• Compared to predicted levels in the absence of drug therapy, there were 9% fewer deaths from major cardiovascular disease in 2001 and 38% and 25% fewer hospital discharges for stroke…  
    • It is estimated that the number of quality-adjusted life-years achieved with each $1 million spent on antihypertensive drug therapy is between 20-50 to more than 200.  
    • A calculated approximate benefit-to-cost ratio for antihypertensive therapy is 10:1 for men and 6:1 for women.  
    • If all untreated patients with Stage I or II hypertension had been treated and achieved normal blood pressures, there would have been 420,000 fewer hospital discharges in 2002 than actually…  
    • Without antihypertensive drug therapy, there would have been about 572,000 more hospital discharges for stroke in 2002 and 261,000 more discharges for myocardial infarction.  
    • In 2001, 86,000 more premature deaths from cardiovascular disease (50,000 men and 36,000 women) would have occurred among Americans age 40 and older without antihypertensive drug therapy.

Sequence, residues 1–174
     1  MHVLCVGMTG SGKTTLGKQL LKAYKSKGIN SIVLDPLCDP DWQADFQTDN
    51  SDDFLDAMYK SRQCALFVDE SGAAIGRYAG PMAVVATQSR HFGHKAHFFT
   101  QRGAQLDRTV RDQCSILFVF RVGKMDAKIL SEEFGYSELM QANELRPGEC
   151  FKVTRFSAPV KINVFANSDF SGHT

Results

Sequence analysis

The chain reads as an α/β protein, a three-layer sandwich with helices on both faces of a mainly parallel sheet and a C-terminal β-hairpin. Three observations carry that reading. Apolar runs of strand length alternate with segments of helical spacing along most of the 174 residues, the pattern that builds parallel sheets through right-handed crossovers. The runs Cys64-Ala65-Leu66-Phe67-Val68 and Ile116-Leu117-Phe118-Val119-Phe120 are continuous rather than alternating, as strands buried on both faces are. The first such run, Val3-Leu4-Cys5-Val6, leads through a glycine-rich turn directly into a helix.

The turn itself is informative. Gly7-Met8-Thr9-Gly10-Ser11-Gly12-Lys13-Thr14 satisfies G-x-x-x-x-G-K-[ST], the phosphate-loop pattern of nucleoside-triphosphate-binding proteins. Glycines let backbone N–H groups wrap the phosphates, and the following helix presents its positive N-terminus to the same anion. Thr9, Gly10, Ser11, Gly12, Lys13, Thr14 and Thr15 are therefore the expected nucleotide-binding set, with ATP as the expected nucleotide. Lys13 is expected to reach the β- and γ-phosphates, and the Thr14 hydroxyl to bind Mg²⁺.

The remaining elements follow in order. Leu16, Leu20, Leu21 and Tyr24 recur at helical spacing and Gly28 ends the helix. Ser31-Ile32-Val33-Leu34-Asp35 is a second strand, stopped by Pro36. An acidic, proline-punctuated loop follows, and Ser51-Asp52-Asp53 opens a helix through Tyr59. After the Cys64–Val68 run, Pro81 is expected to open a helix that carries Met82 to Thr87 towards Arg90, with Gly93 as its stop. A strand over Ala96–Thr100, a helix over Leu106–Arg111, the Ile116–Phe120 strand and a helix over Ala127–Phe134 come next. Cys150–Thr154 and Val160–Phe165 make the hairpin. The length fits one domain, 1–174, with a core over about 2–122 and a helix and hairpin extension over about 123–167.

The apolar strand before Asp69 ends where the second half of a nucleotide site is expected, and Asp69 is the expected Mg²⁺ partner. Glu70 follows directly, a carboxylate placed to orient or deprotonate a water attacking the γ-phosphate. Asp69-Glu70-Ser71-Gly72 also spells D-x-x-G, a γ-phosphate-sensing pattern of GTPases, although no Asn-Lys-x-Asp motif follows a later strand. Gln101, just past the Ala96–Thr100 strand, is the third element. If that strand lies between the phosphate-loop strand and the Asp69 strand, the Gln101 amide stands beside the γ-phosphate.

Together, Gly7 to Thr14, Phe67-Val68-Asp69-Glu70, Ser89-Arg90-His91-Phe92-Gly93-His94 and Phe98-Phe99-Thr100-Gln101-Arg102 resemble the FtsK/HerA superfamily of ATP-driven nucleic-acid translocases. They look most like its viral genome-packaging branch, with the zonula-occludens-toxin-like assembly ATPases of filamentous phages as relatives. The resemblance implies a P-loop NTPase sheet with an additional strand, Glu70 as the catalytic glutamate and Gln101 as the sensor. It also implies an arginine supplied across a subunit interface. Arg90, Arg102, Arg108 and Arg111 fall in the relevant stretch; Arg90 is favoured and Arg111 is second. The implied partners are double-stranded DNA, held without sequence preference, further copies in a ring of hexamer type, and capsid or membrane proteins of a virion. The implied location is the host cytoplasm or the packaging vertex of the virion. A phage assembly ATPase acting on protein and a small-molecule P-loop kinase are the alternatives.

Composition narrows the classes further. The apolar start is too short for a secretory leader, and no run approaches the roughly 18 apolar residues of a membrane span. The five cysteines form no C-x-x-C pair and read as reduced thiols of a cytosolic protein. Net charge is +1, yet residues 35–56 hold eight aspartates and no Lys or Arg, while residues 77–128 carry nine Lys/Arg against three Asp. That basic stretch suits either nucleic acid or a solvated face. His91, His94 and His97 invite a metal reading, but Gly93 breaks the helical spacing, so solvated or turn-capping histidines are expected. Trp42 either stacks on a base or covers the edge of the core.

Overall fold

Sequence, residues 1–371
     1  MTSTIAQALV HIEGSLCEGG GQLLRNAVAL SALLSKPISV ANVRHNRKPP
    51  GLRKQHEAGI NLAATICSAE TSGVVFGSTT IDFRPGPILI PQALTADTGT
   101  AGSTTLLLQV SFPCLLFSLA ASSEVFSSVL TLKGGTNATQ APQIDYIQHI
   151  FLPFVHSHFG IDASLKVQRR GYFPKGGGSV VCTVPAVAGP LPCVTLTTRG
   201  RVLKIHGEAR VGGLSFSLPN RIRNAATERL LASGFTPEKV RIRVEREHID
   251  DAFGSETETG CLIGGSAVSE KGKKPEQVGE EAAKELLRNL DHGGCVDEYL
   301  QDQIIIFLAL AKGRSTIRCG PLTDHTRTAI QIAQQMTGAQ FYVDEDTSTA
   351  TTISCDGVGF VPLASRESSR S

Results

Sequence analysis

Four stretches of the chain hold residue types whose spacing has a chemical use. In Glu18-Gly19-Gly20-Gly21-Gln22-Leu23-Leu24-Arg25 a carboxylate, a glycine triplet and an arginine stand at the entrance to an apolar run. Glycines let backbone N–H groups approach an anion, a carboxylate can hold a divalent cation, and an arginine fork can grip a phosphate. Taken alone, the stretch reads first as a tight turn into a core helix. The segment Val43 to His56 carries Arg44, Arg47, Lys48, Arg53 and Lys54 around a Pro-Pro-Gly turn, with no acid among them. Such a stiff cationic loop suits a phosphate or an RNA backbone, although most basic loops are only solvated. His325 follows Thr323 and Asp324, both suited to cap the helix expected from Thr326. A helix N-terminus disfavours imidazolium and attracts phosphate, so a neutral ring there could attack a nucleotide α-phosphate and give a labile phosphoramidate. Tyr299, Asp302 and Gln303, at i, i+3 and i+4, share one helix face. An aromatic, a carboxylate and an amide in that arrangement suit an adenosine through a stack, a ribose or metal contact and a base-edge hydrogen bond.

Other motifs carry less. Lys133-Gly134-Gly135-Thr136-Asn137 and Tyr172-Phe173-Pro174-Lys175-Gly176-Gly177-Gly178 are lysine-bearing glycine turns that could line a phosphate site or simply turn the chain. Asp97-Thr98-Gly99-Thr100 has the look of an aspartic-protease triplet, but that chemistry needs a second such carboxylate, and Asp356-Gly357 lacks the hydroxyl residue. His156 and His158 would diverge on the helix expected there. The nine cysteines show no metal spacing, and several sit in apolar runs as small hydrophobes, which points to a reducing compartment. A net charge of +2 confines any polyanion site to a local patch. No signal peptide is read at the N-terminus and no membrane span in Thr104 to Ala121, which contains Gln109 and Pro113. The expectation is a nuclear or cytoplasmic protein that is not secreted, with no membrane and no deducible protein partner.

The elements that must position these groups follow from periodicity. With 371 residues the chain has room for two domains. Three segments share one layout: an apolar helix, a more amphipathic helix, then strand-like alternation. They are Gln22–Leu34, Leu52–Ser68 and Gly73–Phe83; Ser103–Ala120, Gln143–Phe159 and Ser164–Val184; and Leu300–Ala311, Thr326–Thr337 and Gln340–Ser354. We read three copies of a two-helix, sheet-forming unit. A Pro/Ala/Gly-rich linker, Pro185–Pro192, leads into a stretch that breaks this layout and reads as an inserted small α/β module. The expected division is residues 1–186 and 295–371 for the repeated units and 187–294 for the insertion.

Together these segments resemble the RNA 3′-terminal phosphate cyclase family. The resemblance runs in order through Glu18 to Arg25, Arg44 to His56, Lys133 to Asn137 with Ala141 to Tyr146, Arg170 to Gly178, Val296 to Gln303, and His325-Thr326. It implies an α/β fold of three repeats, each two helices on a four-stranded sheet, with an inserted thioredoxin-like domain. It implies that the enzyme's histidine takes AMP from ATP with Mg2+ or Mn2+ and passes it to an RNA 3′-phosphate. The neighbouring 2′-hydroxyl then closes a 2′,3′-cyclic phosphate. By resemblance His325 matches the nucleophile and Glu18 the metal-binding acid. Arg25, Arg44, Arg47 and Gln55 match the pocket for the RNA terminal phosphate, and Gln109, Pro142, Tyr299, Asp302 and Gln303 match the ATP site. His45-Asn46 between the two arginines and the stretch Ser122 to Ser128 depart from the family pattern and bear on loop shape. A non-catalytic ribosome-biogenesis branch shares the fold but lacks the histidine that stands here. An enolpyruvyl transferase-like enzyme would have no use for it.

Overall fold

• From 1999-2000, average blood pressures for Americans age 40 and older would have been 10-13% higher without antihypertensive drug therapy.  
    • Cardiovascular disease mortality has declined by over 50% since 1950, contributing more than any other factor to the increase of life expectancy during the past few decades.  
    • The total economic burden of coronary heart disease is $120.6 billion; of stroke is $48.9 billion.  
    • Lifetime risk of developing hypertension is estimated at 90% for people with normal blood pressures at age 55 or 65 and who live to age 80 to 85, respectively.  
    • Treatment for hypertension using antihypertensive therapy has generated a benefit-to-cost ratio of at least 6:1.  
    • Antihypertensive therapy has had a major impact on health. Without it, 1999-2000 average blood pressures (at age 40 or over) would have been 10-13% higher, and 86,000 more premature deaths…  
    • The annual medical cost of cardiovascular disease is $403.1 billion.